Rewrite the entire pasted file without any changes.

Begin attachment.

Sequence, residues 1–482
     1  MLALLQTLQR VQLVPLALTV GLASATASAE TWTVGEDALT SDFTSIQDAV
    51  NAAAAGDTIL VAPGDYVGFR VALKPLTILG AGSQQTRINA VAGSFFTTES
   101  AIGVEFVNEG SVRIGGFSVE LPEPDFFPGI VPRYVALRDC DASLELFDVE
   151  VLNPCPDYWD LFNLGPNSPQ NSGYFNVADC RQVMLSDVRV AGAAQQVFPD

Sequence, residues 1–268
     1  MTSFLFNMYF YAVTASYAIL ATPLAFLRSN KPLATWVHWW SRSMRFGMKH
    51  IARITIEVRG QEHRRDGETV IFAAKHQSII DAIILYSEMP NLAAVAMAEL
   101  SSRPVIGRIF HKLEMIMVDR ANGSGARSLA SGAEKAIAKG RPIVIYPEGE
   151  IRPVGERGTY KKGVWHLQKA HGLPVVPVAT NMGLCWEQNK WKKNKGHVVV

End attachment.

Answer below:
Sequence, residues 1–482
     1  MLALLQTLQR VQLVPLALTV GLASATASAE TWTVGEDALT SDFTSIQDAV
    51  NAAAAGDTIL VAPGDYVGFR VALKPLTILG AGSQQTRINA VAGSFFTTES
   101  AIGVEFVNEG SVRIGGFSVE LPEPDFFPGI VPRYVALRDC DASLELFDVE
   151  VLNPCPDYWD LFNLGPNSPQ NSGYFNVADC RQVMLSDVRV AGAAQQVFPD

Sequence, residues 1–268
     1  MTSFLFNMYF YAVTASYAIL ATPLAFLRSN KPLATWVHWW SRSMRFGMKH
    51  IARITIEVRG QEHRRDGETV IFAAKHQSII DAIILYSEMP NLAAVAMAEL
   101  SSRPVIGRIF HKLEMIMVDR ANGSGARSLA SGAEKAIAKG RPIVIYPEGE
   151  IRPVGERGTY KKGVWHLQKA HGLPVVPVAT NMGLCWEQNK WKKNKGHVVV